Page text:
INFANTILE MYOFIBROMATOSIS
Holly Paugh*, Yebabe Mengesha**
*Tucson Hospitals Medical Education Program and **Department of Pediatric Dermatology, Phoenic Childrens Hospital
Address for Correspondence
Holly Paugh, 3952 Paseo de las Canchas Tucson, AZ 85716, USA.
Email
hcpaugh@gmail.com
Introduction
Infantile myofibromas are the most common fibrous tumors of infancy. The clinical spectrum of infantile myofibromatosis is characterized by tumors in the skin, muscle, viscera, bone, and subcutaneous tissue. We present a case of an infant who presented with multiple congenital nodules who was diagnosed with infantile myofibromas.
Case Report
A six-week-old male patient presented for evaluation of skin lesions, which were present since birth. The child also had a third lesion on the left forearm, which spontaneously regressed several weeks before his appointment. The patient's mother was concerned that the lesion on the left hand was causing the patient discomfort.

Physical examination revealed two skin lesions, a 1.5 cm subcutaneous nodular plaque in the first web space of the left hand {Figure 1} and a 6 mm dome shaped pink papule on the left forehead {Figure2}. The lesion was firm, tender and non-mobile. A 3 mm punch biopsy specimen was obtained from the lesion on the left hand for microscopic evaluation. Histopathology from the lesion on the left hand revealed fascicles resembling smooth muscle associated with thin spindle shaped nuclei with pointed ends, surrounded by abundant mucin. Chest and hand radiographs were ordered which showed no abnormalities. A diagnosis of infantile myofibromatosis was made based on the clinical and histologic findings. The clinical presentation of this patient with two left-sided lesions suggests a multicentric form of infantile myofibromatosis without visceral involvement. There was some concern that the lesion on the left hand could cause discomfort and disruption in fine motor skills. Given the likelihood of spontaneous resolution with time, clinical observation with follow-up was advised. At age 6 months, the lesion on the forehead and left hand were stable with no significant changes.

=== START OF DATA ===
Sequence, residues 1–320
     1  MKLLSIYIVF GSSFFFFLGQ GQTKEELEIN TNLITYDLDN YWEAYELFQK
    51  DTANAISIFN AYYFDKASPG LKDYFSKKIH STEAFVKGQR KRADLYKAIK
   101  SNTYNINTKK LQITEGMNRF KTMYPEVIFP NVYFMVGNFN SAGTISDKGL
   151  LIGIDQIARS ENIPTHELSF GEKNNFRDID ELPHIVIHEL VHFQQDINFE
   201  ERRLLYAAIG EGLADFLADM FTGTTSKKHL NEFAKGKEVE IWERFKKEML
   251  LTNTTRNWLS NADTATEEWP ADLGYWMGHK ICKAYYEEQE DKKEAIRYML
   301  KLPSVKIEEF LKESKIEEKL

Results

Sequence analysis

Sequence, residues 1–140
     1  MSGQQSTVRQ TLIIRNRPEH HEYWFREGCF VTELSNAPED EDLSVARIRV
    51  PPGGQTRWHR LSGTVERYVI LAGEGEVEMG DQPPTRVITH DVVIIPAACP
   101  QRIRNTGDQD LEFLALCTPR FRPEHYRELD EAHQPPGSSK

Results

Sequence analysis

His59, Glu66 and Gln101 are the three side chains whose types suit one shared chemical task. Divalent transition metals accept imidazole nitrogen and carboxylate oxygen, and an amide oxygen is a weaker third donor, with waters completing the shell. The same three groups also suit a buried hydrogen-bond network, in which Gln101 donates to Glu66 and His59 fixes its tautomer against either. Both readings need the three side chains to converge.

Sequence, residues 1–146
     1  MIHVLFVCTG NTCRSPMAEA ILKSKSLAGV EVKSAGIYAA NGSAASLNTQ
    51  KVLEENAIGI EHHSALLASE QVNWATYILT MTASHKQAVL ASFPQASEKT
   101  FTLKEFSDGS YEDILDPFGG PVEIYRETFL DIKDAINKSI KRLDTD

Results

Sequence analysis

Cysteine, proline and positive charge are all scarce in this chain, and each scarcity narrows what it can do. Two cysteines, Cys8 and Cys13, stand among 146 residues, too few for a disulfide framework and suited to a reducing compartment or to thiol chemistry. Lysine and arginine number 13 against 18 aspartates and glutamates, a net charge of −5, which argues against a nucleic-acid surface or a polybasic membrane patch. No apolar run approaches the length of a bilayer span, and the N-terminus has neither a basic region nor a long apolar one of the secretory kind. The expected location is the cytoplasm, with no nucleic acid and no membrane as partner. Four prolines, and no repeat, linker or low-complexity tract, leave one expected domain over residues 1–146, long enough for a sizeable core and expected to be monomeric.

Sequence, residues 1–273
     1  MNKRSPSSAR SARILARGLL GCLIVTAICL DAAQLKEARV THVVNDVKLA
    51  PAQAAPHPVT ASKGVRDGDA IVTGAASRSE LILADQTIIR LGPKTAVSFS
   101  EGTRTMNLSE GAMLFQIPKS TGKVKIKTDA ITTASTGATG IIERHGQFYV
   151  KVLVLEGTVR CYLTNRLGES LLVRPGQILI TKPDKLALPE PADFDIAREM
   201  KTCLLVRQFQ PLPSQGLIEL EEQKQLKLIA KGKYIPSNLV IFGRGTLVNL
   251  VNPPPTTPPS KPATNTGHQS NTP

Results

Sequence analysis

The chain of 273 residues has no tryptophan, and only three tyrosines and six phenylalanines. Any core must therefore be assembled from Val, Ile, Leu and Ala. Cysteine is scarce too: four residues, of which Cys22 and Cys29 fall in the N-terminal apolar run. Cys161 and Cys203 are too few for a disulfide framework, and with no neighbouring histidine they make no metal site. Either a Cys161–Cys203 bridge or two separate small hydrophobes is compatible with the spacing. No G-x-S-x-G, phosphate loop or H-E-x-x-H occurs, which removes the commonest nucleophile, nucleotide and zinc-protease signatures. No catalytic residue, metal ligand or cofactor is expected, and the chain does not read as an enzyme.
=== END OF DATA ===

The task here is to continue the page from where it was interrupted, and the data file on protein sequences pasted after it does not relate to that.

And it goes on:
Figure 1: Nodular plaque on left hand


Figure 2: Nodular plaque on left Forehead
Discussion
Three forms of infantile myofibromatosis have been described including 1) solitary infantile, 2) multicentric infantile without visceral involvement and 3) generalized infantile with visceral involvement. [7] The disorder was first described by Stout et al in 1954 under the term congenital generalized fibromatosis. [3] In 1981, Chung and Enzinger suggested changing the name to infantile myofibromatosis. [3]

Clinically, lesions appear as firm discrete nodules, ranging in size from 0.5-4.0 cm in diameter. [1,4,5] Solitary lesions are most often found in the head, neck, and shoulder girdle and may rapidly enlarge in the first few weeks of infancy. The clinical differential diagnosis of myofibromas involving soft tissue includes leiomyomas, hyaline fibromatosis, and soft tissue sarcomas. Biopsy is necessary for definitive diagnosis.

Histopathologic examination characteristically reveals a biphasic pattern composed of well-circumscribed but unencapsulated nodules of myofibrocytes resembling leiomyomas surrounding more cellular central areas resembling a hemangiopericytoma. [1,5] The myofibroblasts are spindle shaped and have tapering nuclei. Myxoid and pseudochondroid areas may also be seen. [1]

The prognosis of infantile myofibromatosis is dependent on the location and the number of lesions involved. Solitary tumors frequently involute spontaneously; whereas, the multicentric form with visceral involvement is usually associated with a poor prognosis. [1, 6, 7] Cardiopulmonary or gastrointestinal complications are the main causes of mortality often due to mass effect interfering with vital organ function. Therapeutic intervention and surgical treatment may be necessary if the disease is life threatening. [5]
Funding
None
Conflict of Interest
None
References :
  1. Dimson, O.G., Drolet, B.A. et.al. Congenital generalized myofibromatosis in a neonate. Archives of Dermatology 2000; 136: 597-600.
  2. Inamadar, A.C., Palit, A. et al Infantile Myofibromatosis with multiple congenital anomalies. Pediatric Dermatology. 2005;22:3.
  3. Stout, Arthur, P. Juvenile Fibromatosis Cancer Sep 1954.
  4. Clarke, J.T., Clarke, L.E, et al. Plaque-like myofibroblastic tumor of infancy. Pediatric Dermatology 2007; E83-87.
  5. Wiswell, T.E., Sakas, L., Stephenson, S. Infantile Myofibromatosis. Pediatrics. 1985. 76;6:981-984.
  6. Leaute-Labreze, C., Labarthe, M.P. et al. Self-Healing generalized infantile myofibromatosis with elevated urinary bFGF. Pediatric Dermatology. 2001;18:4 305-307.
  7. Variend, S. N.M.A. BAX, et al. Are infantile myofibromatosis, congenital fibrosarcoma and congenital haemangiopericytoma histogenetically related Histopathology 1995;26:57-62.
Last Updated : Wednesday, October 01, 2008 Vol 5 Issue 10 Art #41
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Paugh H, Mengesha Y. INFANTILE MYOFIBROMATOSIS. Pediatric Oncall [serial online] 2008[cited 2008 October 1];5. Art #41. Available From : http://www.pediatriconcall.com/Journal/Article/FullText.aspx?artid=126&type=J&tid=&imgid=&reportid=124&tbltype=
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